Stockbrokers are going extinct. Wall Street hasn't trained a real stockbroker in nearly twenty years. Today, stockbrokers have been replaced with "financial consultants" or whatever they choose to call themselves who do nothing more than gather clients' assets, outsource the actual investment management to third parties, and collect fees. Is the demise of the stockbroker a good thing for investors?
We say no, it's very bad. Roll the clock back to the mid s, a time when retail commissions were spiraling downward. For firms like Merrill Lynch , it was a serious situation as their brokerage units were highly dependent on commission revenues. Additionally, their sales forces were growing to the point that it was getting increasingly difficult to supervise them. Who did Merrill turn to?
With the help of McKinsey, Merrill set out to persuade regulators to allow brokerage firms to offer asset-based fee accounts in lieu of commissions , something that brokerage firm weren't allowed to do at that point. After some slick regulatory footwork, in the SEC adopted a de facto rule allowing these new fee-based brokerage accounts, and not surprisingly that rule became known as the Merrill Lynch Rule. In , Merrill hired Mr.
Gorman to run its marketing department and to oversee the new fee-based strategy. Gorman eventually went on to run Merrill's sales force, successfully converting Merrill's stockbrokers into this new breed of asset gatherers. In many respects, fee-based brokerage accounts are the brainchild of James Gorman.
One of the great attractions for many that become stockbrokers – also known as investment advisors – is that there is no such thing as a typical. How Discount Brokers are Disrupting the Stockbroking Industry Today, trading or investing has moved onto investors' palms. That is where.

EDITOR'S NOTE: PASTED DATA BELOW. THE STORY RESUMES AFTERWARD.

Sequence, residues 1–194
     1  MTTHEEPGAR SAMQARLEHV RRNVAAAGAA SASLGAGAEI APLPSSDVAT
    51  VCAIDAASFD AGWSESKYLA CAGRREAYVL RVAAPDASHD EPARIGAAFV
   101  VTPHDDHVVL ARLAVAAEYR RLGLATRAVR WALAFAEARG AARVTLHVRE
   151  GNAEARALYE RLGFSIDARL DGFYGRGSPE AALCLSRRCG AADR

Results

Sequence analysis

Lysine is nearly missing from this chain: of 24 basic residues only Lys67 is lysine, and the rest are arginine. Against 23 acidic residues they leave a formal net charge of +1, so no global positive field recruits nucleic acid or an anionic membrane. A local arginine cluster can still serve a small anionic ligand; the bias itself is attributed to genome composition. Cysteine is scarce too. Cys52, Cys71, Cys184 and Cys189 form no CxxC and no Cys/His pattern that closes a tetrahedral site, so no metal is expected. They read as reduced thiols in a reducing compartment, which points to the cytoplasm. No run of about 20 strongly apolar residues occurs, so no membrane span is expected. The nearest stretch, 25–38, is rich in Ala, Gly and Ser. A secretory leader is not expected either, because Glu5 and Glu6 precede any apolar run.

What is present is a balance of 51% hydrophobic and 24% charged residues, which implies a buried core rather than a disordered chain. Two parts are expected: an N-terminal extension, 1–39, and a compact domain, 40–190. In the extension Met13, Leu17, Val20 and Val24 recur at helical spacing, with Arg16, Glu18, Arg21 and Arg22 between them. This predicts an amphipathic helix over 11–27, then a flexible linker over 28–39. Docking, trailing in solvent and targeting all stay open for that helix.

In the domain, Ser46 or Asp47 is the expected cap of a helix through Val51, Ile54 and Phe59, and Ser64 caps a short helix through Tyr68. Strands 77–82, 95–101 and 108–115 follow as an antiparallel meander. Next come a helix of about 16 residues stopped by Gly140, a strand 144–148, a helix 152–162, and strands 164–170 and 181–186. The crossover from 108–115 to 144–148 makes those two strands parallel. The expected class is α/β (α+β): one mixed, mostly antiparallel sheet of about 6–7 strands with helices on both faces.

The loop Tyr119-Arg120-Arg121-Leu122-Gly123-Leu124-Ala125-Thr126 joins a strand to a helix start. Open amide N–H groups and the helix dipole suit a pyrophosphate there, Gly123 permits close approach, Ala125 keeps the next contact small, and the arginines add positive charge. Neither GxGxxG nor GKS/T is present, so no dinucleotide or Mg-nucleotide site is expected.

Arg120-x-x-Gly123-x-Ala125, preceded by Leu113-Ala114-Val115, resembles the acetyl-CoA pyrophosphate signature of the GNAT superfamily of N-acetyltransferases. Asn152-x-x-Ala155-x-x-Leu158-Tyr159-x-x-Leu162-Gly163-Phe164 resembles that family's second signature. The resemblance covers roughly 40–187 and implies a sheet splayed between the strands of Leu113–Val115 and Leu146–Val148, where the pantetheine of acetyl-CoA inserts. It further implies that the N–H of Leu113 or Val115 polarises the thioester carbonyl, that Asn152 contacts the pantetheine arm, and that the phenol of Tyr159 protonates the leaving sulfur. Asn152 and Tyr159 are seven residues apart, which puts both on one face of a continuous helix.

Gorman's solution for Merrill Lynch was brilliant. Under this new model, Merrill's brokerage unit would have predictable and stable revenues.
A summer internship is a good place to try and get a foot in the door - eventually you will need to get hired by a brokerage or other firm registered with FINRA Financial Industry Regulator Authority which, in turn, will agree to sponsor you for the state licensing exams you'll need to pass to become a broker. You'll need to at least get your Series 63 license, which deals with basic ethics and related issues, as well as your Series 7, which allows you to sell stocks and other securities except for futures and commodities.
Not everybody is cut out to be a stockbroker.
Tomilson Hill. But you do have to have a gift for gab, a knack for sales and relentless determination to court and recruit customers and build a book of business.
That can mean lots of work in the evenings and on the weekends, either meeting with clients or cold calling and organizing events to recruit new ones. One in three people in commodities, securities and financial services sales work more than 40 hours a week, according to the U.
The first five or ten years can be the toughest for new stockbrokers as they build up a portfolio of customers with assets to invest.
That can mean coming to the office hours before the market opens and staying three to four hours each night cold calling prospective customers or putting on seminars and other marketing events. Summing up, the life of a stockbroker is far from a gig where you take home the same paycheck, week after week, with the occasional raise. How much you make hinges on your hustle and the commissions you generate. New York, and specifically Wall Street, is the best major metro market for stockbrokers looking to make the most money possible.
The New York metro market, which includes chunks of Connecticut and New Jersey, also has the highest concentration of brokers and other financial services sales agents, at 59,, or 8. You'd never guess whose No. The wealthy New York suburbs around Stamford, Conn. Vanita D'souza.
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